If you follow world business at all, you are hearing and reading a great deal more about Singapore. This tiny city-state on the southern tip of the Malay Peninsula has been growing rapidly for decades. It covers a scant 253 square miles but packs an increasing financial wallop around the world.
There are 5 million people in Singapore with the great majority being of Chinese, Malay, or Indian descent. English is an official language but the majority also speak a Chinese dialect. It is something of a dream for entrepreneurs and businesses. There is no place in Asia where there is such ease of business registration, governmental support, plus all important favorable tax rates and incentives. And, perennially, the World Bank usually ranks Singapore as the easiest place in the world to do business.
Often referred to as the Switzerland of Asia, it is a pulsating financial center that holds it own with Tokyo and the increasingly powerful Shanghai. The savings rate is among the highest in the world so there has been extraordinary capital formation. After independence from Britain, lead governmental minister Lee Kuan Yew arranged for compulsory contributions in the 25% of income range to government controlled pension funds. While unappealing to American spending tendencies it was a big contributor in making the tiny nation rich.
With a shift away from the U.S. and U.K. in terms of media billing, I believe that in a decade or so Singapore may well become the world’s advertising hub.
Consider these facts—
Singapore is centrally located in Asia and as global billing tilts toward the east, they will literally be perfectly positioned.
Westerners are more comfortable in Singapore than anywhere else in Asia. Part of it is the ubiquity of English but also the appearance counts. The place is crammed with people but immaculate. It took Wrigley decades to get the government to allow them to sell chewing gum there! Senior management of holding companies would be comfortable here as the adjustment to Asia would be far easier than other choices.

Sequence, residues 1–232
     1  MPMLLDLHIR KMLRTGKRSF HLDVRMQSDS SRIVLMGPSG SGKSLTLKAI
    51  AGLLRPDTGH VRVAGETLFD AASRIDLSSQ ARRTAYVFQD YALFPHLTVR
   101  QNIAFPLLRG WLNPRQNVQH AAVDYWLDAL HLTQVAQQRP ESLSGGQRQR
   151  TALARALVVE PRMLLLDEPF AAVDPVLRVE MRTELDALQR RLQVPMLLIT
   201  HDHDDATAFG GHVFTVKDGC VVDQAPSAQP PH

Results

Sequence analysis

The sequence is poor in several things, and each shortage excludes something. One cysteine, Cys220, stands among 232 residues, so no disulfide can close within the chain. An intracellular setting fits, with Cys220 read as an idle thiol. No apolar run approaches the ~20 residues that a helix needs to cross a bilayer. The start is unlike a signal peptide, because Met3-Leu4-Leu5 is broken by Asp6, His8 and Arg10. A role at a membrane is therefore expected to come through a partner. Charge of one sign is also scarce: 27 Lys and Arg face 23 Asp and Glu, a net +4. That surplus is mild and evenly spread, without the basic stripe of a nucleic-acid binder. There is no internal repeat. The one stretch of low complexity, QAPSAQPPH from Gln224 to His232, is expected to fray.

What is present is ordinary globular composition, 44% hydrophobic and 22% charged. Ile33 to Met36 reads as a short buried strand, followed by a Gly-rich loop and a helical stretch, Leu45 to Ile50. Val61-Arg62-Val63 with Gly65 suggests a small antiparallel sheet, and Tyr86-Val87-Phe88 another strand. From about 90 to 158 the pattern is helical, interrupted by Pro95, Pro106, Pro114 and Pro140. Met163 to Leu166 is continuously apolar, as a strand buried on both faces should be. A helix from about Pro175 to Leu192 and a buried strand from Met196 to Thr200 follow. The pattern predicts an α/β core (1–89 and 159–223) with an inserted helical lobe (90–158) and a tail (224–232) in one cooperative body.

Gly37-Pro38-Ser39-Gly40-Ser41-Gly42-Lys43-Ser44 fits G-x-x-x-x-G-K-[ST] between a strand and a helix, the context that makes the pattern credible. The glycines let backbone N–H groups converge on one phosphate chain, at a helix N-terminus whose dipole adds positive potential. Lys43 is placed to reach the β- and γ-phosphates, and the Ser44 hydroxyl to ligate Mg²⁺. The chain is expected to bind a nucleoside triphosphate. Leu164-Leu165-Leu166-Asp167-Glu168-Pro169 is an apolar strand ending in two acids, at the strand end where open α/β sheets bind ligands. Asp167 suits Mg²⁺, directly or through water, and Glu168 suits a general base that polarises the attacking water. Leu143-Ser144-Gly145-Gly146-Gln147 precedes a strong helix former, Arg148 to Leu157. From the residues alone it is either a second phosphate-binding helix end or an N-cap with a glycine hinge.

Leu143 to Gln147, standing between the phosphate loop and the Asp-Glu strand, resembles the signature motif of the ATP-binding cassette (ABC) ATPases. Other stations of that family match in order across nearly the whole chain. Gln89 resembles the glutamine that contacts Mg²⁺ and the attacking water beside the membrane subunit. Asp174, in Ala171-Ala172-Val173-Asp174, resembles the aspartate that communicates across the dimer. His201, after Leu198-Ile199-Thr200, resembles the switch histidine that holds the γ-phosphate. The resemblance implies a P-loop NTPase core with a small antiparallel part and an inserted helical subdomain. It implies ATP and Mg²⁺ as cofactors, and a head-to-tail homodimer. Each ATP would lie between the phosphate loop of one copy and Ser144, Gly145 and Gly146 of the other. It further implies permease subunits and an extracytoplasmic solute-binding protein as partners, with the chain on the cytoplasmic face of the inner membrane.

Unlike other Asian powerhouses such as China or Korea there are no exchange controls. You may easily move capital in and out of Singapore or repatriate profits.
Advertising has made strides in Singapore. Arguably it is the Asian leader in outdoor, mobile and digital advertising. As the world moves to digital, the existing talent pool can help.
Many Singaporeans are of Chinese descent. As China grows, it might be easier for Singaporeans to deal with China than those from other nations.
So, we forecast confidently that Singaporean agencies will not remain as branch offices for the mega-shops much longer. By 2020-2025 they will be in the epicenter of global advertising and a few of the world’s top 10 holding companies will be headquartered there.
If you want to contact Don Cole directly, you may reach him at email@example.com